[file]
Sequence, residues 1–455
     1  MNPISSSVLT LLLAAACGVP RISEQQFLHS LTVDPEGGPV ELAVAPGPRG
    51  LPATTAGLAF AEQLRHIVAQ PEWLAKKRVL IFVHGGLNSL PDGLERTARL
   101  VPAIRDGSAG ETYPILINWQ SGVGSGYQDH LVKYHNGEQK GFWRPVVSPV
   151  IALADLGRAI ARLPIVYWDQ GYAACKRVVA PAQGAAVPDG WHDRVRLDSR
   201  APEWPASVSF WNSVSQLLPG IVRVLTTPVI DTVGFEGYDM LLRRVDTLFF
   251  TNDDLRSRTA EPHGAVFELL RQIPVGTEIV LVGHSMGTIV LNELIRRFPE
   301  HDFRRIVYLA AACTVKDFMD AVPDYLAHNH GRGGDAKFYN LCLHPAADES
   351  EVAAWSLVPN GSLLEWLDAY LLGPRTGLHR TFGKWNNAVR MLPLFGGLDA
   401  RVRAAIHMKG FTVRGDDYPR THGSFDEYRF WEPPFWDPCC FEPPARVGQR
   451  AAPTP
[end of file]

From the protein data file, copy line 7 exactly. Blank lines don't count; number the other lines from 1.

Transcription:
   251  TNDDLRSRTA EPHGAVFELL RQIPVGTEIV LVGHSMGTIV LNELIRRFPE